Devendra Banhart At Club Bahia, Tuesday September 27th 2016
Devendra Banhart is an eccentric in the world of music, he comes on stage alone with his guitar, sits down and asks if anyone has a request, ‘I have no plan’ he even says. It looks like the encore of a show but these actually were the first minutes of his performance at the Bahia club, a place he apparently had always wanted to play, according to what he told us on Tuesday night.
It is a little strange to start with this kind of intimacy, it’s half planned half improvised (most of the songs were actually on his set list), it’s also a way to get very close to his audience right away, and the crowd listens with the deepest silent respect, and Devendra sings softly with his signature tremolo vocals, and despite the fact you could hear a needle drop, you barely hear him. I was hearing him alright, because I was in the front, but I am still wondering about people in the back! He was so discreet and his music so quiet – he was barely touching the chords of his guitar – that he seemed barely there, playing everything with a lot of subtlety and long silences. I thought about Iman who jokingly told me that a Devendra Banhart concert would be the perfect occasion to catch up with my sleep, but it was completely impossible to close my eyes, Devendra’s charima was undeniable.
He was also in a very good mood, ending all his songs by a laugh, kneeling down to shake hands, joking a lot, in English and in Spanish so that a lot escaped me. This pre-show sounded like a long Brazilian-inspired ballad, like a lo-fi version of Caetano Veloso, someone he admires greatly, and I am not even sure he played the songs that were on the setlist because he certainly did ‘Angelika’ and the adorable ‘At The Hop’ which weren’t on the setlist. He also picked unfamiliar songs like ‘Eviction Party’, a tune featured on a Japanese import, which tells us about the time when ‘Everyone I know got kick out of San Francisco’, and this is the occasion for more laugh and clapping.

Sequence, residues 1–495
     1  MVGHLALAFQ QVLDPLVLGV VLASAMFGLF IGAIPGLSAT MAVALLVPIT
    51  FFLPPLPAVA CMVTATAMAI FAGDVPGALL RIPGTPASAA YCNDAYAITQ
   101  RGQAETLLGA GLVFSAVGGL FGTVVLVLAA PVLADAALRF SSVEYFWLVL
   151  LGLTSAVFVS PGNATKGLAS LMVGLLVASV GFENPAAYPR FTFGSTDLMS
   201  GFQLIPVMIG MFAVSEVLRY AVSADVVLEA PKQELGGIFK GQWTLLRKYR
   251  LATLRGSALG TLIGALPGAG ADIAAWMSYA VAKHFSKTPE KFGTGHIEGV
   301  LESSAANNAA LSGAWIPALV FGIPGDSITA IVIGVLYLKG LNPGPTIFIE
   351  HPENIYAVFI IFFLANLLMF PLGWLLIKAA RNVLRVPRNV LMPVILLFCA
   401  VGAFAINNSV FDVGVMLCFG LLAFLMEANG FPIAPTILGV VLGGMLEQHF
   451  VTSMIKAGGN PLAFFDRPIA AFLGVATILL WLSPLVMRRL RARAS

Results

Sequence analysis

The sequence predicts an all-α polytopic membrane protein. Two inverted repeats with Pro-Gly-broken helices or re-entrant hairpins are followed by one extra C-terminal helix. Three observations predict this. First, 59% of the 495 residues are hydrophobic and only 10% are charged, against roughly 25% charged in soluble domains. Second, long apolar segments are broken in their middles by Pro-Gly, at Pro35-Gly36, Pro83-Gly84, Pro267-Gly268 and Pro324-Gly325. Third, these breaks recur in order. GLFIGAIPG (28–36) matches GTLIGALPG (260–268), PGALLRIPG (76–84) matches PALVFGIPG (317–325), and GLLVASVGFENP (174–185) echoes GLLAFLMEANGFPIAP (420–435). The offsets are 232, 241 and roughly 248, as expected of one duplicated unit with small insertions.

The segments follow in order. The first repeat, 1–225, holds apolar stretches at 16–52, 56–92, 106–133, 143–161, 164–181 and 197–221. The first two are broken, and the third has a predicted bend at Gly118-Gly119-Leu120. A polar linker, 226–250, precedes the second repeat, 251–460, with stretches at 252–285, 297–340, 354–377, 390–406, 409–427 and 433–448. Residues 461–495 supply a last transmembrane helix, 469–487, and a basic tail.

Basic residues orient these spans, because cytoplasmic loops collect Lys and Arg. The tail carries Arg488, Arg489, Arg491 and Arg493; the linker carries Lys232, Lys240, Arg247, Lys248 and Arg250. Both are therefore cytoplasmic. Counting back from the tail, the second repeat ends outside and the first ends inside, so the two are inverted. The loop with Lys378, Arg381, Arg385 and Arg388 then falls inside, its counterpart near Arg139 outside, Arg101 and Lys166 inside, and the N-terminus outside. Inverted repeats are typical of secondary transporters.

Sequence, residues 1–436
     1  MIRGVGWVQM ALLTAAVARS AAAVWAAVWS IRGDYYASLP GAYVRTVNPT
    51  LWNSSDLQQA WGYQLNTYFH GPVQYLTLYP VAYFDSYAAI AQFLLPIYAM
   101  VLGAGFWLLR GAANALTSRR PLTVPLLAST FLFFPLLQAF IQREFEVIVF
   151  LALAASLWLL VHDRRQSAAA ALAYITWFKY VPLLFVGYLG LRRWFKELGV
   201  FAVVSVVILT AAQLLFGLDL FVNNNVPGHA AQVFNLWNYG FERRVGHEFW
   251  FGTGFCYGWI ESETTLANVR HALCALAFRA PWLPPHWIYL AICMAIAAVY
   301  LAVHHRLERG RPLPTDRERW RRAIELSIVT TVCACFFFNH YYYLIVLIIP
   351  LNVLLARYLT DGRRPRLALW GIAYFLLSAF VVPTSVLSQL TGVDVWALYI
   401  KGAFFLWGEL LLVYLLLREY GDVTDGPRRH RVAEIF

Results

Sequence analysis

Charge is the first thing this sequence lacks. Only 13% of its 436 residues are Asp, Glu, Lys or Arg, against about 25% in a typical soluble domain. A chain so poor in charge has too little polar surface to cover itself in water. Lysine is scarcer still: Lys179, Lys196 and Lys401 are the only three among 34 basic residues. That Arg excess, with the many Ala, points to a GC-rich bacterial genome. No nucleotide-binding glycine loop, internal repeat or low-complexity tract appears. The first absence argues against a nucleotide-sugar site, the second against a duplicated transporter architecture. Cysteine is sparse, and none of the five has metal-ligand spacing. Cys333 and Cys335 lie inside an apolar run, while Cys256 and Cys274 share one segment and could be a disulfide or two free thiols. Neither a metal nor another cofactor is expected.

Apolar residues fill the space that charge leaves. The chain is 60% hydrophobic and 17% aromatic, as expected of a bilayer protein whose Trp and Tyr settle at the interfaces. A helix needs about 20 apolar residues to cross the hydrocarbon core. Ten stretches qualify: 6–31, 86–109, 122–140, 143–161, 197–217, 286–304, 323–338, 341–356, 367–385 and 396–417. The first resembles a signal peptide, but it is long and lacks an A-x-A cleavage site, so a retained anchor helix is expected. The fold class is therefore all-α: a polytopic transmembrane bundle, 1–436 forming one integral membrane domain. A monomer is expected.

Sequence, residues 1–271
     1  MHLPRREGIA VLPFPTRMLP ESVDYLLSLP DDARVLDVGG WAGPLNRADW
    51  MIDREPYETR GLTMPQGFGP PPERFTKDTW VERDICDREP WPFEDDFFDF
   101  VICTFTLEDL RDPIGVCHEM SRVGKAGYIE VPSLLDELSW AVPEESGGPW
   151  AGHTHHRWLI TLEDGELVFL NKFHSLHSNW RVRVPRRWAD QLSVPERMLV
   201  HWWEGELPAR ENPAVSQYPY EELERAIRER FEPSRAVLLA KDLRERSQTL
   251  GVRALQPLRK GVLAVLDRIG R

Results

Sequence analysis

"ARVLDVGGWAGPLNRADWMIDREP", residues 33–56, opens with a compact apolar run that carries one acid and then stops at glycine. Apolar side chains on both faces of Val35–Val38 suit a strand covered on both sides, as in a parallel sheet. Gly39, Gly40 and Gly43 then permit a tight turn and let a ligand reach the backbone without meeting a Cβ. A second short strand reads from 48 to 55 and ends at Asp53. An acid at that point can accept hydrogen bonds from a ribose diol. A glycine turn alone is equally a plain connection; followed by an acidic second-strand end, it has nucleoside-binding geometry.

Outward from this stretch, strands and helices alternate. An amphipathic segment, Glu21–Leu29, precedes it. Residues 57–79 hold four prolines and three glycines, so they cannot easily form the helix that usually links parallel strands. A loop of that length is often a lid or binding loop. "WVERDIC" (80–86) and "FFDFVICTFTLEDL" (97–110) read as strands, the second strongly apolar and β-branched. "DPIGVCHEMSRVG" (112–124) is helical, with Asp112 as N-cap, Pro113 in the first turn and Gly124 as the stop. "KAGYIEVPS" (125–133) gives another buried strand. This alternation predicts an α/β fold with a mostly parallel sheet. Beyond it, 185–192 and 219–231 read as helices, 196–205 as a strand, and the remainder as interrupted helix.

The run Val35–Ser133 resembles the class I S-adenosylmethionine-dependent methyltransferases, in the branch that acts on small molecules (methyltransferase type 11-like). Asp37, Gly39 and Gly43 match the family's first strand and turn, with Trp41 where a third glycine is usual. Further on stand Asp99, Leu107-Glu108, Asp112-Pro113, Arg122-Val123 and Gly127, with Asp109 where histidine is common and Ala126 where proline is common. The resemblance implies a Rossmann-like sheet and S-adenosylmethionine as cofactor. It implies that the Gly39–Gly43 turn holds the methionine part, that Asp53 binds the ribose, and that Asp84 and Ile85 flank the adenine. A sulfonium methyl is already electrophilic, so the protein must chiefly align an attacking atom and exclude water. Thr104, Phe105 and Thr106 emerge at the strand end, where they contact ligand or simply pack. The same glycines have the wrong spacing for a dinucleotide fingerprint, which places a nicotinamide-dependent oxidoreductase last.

There were a few new and even quieter songs, like ‘Theme for a Taiwanese Woman in Lime Green’ off his last album ‘Ape in Pink Marble’, which has this line ‘Love’s making me sing’, and I have the impression that this could be a good description of Devendra’s entire life.
He was charming, very thin and agile, far more well-groomed than his past barefoot-hippie image, a delicate man becoming the definition of whimsical in front of our eyes. When the full band came to join him on stage, things became slightly more animated, and Devendra became even more unpredictable, but barely louder. Using his guitar for a song then going free hands, dancing and using his arms a lot, shaking his hands like a cat that has suddenly touched water, doing yogi-ninja poses or whatever these gestures were. If I am not really familiar with his new material – I especially liked the old Devendra but didn’t really listened to him for almost a decade – the songs all have this Latin flavor and a unique eccentricity in the indie folk-pop world, freak folk he really is.
There were these almost aborted-sounding songs, like the oscillating ‘Golden Girls’ or ‘Für Hildegard von Bingen’, which made you expect for more before stopping suddenly, there were these lo-fi strange reveries (‘Saturday Night’, ‘Linda’, ‘Daniel’) sometimes sad and always melancholic, these comic numbers ‘Fancy Man’, your typical freak dance numbers, catchy and playful, filled with Devendra’s vocal prowess, like ‘Never Seen Such Good Things’, but especially there were these full-flavor Latin songs sung in Spanish, which were true crowd pleasers like ‘Mi Negrita’, or ‘Carmensita’, turning into a Brazilian carnival, or ‘Lover’, bringing a South-African vibe.
Among the abrupt accelerations, the spread notes, the irresistible and odd gesticulations, the hand waving to control the band, and the close-to-whisper moments during which he was barely singing in the mic, the very-requested ‘Baby’ came up, and it was a dance exuberance. With ‘Baby’ and this other song ‘Long Haired Child’, which goes like this, ‘Baby, baby, that’s for sure/Shoobop, shoo bop’, I have to say that Devendra completely owns the ‘baby, baby’ mantra, not Justin Bieber.
If the show had started like the most intimate thing ever, it was ending with a happy and good-humor dance floor. Texas-born, Venezuela-raised Devendra Barnhart doesn’t certainly take himself very seriously, he laughs too much for that, he often shifts from one style to the other without notice, but his sound is similar to his curious drawings, it is the work of a minimalist who transforms his many moods into odd and heartfelt tunes for the next generation.
Alone (what the setlist said)
Luna De Margarita
Sight to Behold
Theme for a Taiwanese Woman in Lime Green
Good Time Charlie
(But he also did ‘Angelika’ and ‘At The Hop’)
With full band
Für Hildegard von Bingen
Never Seen Such Good Things
Long Haired Child